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PokerNews Interview: Discussing WSOPE Changes with Ty Stewart

Ty Stewart with Annette Obrestad at WSOPE

On Wednesday morning, the poker world was shocked by the announcement that the World Series of Poker Europe was leaving the Casino At The Empire in London for a new venue in France — the Casino Barrière de Cannes Croisette. It was also revealed that Caesars Interactive Entertainment had entered into a three-year agreement with Lucien Barrière Hôtels & Casinos and that would see some new changes to the WSOPE. You can read about those changes in the breaking news story from Wednesday.

PokerNews had the opportunity to sit down with Ty Stewart, a five-year veteran of Caesars Entertainment, who oversees marketing, event management, television, sponsorship and licensing for the WSOP and WSOPE, and ask him some questions about the recent changes to the WSOPE.

The announcement that the WSOPE was leaving the U.K. for France came as a surprise to the poker world. Was this something that has been in the works for quite some time or did it come together just recently?

It’s something that has been in the works for a while. The brand is always WSOP Europe, not WSOP UK. I’ve always been on recording saying the goal was to bring the WSOP experience to different venues throughout Europe. We’ve been working for some time to find the best formula to support the tournament because we know while WSOPE can and should get a lot better. So we’ve been wanting to bring that formula to the market.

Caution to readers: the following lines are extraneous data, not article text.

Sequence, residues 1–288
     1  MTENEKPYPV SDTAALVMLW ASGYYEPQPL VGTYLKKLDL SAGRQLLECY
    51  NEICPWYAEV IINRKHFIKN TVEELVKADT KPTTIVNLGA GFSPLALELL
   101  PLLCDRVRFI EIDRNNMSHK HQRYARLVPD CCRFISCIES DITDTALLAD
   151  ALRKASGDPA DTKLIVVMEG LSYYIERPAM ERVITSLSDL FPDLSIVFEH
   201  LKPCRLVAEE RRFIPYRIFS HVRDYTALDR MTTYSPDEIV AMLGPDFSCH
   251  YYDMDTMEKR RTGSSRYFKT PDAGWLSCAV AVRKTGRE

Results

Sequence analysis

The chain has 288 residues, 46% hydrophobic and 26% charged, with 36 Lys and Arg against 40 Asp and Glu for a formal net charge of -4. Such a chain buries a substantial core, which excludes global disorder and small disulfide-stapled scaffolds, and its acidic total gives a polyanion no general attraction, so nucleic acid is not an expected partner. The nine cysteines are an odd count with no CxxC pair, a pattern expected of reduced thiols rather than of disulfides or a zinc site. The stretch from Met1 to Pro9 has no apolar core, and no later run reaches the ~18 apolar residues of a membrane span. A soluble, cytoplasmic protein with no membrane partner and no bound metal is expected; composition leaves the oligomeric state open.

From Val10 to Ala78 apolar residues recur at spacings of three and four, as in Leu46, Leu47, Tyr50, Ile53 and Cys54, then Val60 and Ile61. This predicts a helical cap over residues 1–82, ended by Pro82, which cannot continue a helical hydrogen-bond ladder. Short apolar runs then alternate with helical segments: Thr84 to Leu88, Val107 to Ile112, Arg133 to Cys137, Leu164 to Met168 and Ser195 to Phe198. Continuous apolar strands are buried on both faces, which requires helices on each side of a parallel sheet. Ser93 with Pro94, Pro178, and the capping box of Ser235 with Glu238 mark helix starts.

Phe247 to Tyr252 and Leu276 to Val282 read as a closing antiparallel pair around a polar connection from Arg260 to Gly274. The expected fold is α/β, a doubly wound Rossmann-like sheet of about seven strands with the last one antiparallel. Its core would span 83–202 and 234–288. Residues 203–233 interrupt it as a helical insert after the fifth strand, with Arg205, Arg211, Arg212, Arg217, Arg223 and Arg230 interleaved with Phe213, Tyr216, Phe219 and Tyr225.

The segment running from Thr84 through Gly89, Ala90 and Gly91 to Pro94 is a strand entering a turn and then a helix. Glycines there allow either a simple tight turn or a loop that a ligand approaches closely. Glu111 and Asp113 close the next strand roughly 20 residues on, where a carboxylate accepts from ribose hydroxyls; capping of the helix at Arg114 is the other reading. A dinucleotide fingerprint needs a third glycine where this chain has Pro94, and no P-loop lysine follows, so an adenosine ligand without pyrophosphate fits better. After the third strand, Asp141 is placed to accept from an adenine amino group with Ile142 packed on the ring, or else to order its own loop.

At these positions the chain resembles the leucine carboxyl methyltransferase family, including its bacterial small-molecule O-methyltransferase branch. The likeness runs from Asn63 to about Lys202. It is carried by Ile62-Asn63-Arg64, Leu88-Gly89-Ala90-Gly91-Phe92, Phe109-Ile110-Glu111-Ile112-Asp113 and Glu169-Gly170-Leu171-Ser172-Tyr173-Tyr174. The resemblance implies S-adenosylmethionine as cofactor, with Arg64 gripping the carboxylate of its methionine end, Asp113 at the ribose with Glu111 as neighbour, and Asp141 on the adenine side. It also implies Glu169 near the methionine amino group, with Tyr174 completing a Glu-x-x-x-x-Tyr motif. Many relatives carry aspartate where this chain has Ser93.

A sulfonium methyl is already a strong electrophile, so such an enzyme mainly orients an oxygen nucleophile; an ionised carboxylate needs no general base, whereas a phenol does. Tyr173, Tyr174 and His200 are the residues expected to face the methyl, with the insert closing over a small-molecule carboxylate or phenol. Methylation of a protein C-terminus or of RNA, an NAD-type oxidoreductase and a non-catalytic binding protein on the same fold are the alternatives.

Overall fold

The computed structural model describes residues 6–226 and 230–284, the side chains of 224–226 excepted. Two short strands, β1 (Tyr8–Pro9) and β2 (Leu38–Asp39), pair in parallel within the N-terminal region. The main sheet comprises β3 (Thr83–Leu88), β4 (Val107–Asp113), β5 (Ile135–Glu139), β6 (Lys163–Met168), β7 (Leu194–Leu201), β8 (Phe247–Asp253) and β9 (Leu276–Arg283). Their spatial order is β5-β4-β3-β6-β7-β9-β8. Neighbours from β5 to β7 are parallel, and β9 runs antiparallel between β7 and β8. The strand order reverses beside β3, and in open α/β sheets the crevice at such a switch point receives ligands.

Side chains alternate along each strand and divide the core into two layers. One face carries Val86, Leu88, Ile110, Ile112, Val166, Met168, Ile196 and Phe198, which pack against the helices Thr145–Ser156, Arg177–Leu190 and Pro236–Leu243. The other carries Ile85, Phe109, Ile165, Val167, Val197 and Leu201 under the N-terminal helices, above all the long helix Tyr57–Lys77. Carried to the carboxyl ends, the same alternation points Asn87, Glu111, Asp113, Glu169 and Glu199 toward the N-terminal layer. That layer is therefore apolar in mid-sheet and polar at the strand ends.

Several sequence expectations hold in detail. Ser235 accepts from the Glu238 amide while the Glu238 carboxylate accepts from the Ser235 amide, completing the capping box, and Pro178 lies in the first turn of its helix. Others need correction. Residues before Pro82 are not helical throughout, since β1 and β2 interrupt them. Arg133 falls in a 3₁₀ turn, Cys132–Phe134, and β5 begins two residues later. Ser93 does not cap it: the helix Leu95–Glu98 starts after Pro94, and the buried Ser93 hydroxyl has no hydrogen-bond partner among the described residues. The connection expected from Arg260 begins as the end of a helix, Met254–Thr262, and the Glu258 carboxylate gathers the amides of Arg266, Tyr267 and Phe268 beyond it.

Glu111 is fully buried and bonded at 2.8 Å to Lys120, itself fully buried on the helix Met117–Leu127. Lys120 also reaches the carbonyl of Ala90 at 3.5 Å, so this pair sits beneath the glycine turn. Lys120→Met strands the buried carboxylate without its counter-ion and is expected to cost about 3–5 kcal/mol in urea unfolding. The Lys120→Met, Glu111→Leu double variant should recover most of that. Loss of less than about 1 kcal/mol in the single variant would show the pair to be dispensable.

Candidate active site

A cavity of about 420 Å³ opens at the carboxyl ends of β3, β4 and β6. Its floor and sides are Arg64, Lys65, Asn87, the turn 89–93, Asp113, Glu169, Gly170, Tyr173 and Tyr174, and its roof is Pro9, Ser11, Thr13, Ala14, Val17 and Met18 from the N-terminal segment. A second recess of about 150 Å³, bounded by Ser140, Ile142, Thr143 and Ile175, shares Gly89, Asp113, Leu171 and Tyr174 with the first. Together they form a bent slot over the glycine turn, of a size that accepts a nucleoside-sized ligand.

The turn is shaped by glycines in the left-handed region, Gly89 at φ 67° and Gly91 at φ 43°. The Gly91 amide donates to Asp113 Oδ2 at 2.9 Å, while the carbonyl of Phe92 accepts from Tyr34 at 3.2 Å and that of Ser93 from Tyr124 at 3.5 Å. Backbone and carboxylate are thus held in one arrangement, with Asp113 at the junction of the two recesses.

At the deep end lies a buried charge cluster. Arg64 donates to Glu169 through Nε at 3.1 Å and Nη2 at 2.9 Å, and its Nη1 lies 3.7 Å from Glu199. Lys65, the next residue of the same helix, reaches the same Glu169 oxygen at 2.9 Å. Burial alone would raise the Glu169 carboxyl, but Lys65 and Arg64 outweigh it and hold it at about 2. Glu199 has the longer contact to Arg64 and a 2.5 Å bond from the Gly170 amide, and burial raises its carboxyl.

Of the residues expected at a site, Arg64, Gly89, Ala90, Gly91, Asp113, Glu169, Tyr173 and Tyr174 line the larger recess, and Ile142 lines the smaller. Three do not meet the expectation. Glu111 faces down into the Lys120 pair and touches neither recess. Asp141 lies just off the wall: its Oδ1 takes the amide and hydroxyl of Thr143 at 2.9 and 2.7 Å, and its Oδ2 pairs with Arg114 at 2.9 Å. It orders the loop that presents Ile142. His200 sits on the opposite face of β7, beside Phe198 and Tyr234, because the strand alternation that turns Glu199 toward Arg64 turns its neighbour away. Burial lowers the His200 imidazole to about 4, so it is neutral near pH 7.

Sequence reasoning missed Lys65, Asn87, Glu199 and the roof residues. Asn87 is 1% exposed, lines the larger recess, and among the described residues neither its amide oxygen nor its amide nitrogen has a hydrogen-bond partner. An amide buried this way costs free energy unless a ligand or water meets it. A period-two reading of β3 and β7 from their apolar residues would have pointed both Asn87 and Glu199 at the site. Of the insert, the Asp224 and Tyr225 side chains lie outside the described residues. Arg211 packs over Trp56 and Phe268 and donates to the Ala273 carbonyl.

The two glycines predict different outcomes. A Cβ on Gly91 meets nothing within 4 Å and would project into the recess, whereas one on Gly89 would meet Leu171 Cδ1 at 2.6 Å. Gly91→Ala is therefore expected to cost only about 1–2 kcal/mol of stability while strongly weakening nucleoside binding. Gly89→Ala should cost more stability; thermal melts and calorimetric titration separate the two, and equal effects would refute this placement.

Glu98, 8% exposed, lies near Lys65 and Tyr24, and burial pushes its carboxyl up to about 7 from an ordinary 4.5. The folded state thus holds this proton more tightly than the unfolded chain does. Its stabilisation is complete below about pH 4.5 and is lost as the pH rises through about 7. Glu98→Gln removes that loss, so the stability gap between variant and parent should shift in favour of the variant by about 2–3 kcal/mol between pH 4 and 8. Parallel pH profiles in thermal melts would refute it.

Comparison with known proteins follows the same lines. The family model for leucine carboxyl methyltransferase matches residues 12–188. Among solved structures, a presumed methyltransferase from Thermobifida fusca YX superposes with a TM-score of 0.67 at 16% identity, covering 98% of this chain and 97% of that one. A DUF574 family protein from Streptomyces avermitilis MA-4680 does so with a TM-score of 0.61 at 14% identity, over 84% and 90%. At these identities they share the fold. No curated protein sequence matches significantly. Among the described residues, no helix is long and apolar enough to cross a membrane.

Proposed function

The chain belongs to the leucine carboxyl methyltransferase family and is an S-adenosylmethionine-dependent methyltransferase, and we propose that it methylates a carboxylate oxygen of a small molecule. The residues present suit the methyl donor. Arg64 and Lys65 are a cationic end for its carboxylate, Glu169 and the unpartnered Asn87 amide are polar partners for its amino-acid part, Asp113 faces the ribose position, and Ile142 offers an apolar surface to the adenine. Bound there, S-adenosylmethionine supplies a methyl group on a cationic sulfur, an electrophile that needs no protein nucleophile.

Why move the WSOPE from the U.K., which has some of the most liberal gaming laws in the world, to France, which is known for its strict regulation?

I think it’s a combination of factors. First of all, France is just absolutely white-hot for poker right now, so we’re very confident the turnout in participation is going to go up. For us it was a lot about the venue and the partnership. We’re talking about an unbelievable set of partners as far as the type of system they’ll put behind the WSOPE including relaunching the Barrière Poker Tour to be a qualification series. They also have a large number of casinos and a big database that they’re going to be able to market to bring new customers to the event. We’re even going to have a scratch-off lottery ticket for the WSOPE to qualify folks for the event. We really have a comprehensive marketing system behind the event now which we really didn’t have in London that will more than compensate for some of the issues as it relates to the regulatory environment.